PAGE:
When it comes to land tax exemptions in New South Wales (NSW), there are specific provisions that cater to the needs of approved childcare and education services. These exemptions play a crucial role in encouraging and supporting the provision of quality education and care for children. In a recent case, Mourched v Chief Commissioner of State Revenue (NSW) 2023 ATC ¶20-873;  NSWSC 668, the Supreme Court shed light on the exemptions applicable to land used for childcare services, including ancillary services. Let's delve deeper into the details of this case and its implications.
Under section 10(1)(u) of the Land Tax Management Act 1956 (NSW), land used solely for the purpose of providing childcare services may be eligible for exemption from land tax. To qualify, the land must serve as the place where children are educated or cared for by the service. The case in question revolved around the interpretation and application of this exemption.
In the case of Mourched v Chief Commissioner of State Revenue, the taxpayer owned a registered lot consisting of two parcels of land. Parcel A was specifically used to operate a childcare center, while a portion of Parcel B housed a wastewater treatment and septic system necessary for the operation of the center. The Chief Commissioner issued a land tax assessment that granted an exemption for Parcel A but taxed Parcel B.
The taxpayer contested the assessment, arguing that the entire registered lot should qualify for the exemption under section 10(1)(u). Their claim was based on the fact that Parcel B was solely used to provide the treatment system without which the childcare center could not function.
The Supreme Court considered the evidence presented and agreed with the earlier decisions made by the Tribunal and the NCAT Appeal Panel. It emphasized that for the exemption to apply, the land must be "the place" where children are educated or cared for. The presence of a treatment system and a fence erected to keep children out of Parcel B did not meet the criteria for exemption. Additionally, the existence of a development application for a commercial car park on Parcel B meant that the land was not solely used for the exempt purpose.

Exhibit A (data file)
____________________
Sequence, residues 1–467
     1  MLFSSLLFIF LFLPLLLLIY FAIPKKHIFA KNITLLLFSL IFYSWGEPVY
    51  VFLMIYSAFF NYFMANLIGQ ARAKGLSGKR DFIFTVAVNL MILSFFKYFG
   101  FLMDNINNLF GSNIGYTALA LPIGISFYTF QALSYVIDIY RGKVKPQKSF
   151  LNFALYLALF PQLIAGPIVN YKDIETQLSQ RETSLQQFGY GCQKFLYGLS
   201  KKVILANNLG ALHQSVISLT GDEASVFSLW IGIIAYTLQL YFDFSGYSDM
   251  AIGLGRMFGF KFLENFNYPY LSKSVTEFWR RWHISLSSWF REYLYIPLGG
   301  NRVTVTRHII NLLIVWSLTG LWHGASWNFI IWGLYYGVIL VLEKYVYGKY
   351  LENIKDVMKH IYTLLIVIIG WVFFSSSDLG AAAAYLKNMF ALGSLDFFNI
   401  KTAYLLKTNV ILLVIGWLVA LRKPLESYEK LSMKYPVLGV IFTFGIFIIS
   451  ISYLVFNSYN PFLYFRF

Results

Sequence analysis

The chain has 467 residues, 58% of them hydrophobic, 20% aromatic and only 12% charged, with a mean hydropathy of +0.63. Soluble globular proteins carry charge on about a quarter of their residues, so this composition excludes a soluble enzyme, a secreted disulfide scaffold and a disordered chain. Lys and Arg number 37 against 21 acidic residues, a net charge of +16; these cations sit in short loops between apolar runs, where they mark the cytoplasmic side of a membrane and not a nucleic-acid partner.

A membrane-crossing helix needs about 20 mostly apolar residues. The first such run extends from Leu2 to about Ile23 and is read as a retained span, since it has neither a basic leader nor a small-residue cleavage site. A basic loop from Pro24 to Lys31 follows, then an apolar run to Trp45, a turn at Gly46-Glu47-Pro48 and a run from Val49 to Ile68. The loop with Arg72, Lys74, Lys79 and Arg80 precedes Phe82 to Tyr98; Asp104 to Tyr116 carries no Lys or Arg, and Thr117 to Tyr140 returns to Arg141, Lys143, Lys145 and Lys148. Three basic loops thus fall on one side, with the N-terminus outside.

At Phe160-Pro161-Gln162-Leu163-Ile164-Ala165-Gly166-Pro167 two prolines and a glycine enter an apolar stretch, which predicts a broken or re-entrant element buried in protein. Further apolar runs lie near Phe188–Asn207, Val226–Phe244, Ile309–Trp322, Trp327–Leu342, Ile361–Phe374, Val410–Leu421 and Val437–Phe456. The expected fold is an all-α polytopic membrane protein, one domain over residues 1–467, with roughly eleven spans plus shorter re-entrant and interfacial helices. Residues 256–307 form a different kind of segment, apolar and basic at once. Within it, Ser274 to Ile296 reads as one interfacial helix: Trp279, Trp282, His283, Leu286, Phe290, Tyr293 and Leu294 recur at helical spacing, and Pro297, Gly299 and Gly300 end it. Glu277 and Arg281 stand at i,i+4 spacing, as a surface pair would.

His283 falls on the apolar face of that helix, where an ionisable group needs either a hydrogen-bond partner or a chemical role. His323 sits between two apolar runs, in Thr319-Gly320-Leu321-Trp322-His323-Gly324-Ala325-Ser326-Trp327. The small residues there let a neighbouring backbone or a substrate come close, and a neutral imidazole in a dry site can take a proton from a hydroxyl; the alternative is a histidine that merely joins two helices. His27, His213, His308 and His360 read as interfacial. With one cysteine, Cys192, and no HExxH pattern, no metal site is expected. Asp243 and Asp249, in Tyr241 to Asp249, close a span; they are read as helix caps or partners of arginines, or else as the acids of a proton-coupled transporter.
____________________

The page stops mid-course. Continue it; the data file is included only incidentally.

The Court also addressed the question of whether land used in support of land used for the exempt purpose could be eligible for exemption. While the Tribunals had taken a narrower interpretation, the Supreme Court adopted a broader view. It noted that exemptions meant to encourage, reward, or protect specific activities should not be narrowly construed. Previous cases under section 10 had found that land used to provide ancillary services to exempt land could itself be exempt. By drawing parallels with C of LT v Joyce (1974) 132 CLR 22, where vacant land used for parking by attendees of a gospel hall was exempt, the Court affirmed that ancillary services to exempt land could be eligible for exemption.
In the case of Mourched v Chief Commissioner of State Revenue, the Supreme Court clarified the provisions of the land tax exemption applicable to childcare and education services in NSW. While the land tax exemption applies to land solely used for providing childcare services, ancillary services supporting the exempt land may also be eligible for exemption. However, it is essential to meet the criteria outlined in the legislation and ensure that the land is not used for purposes inconsistent with the exempted activity.
This ruling highlights the importance of understanding the intricacies of land tax exemptions, particularly for childcare and education services. It encourages the continued provision of high-quality childcare facilities and ancillary services in support of education and care.
Source: Mourched v Chief Commissioner of State Revenue (NSW) 2023 ATC ¶20-873;  NSWSC 668, 7 July 2023.
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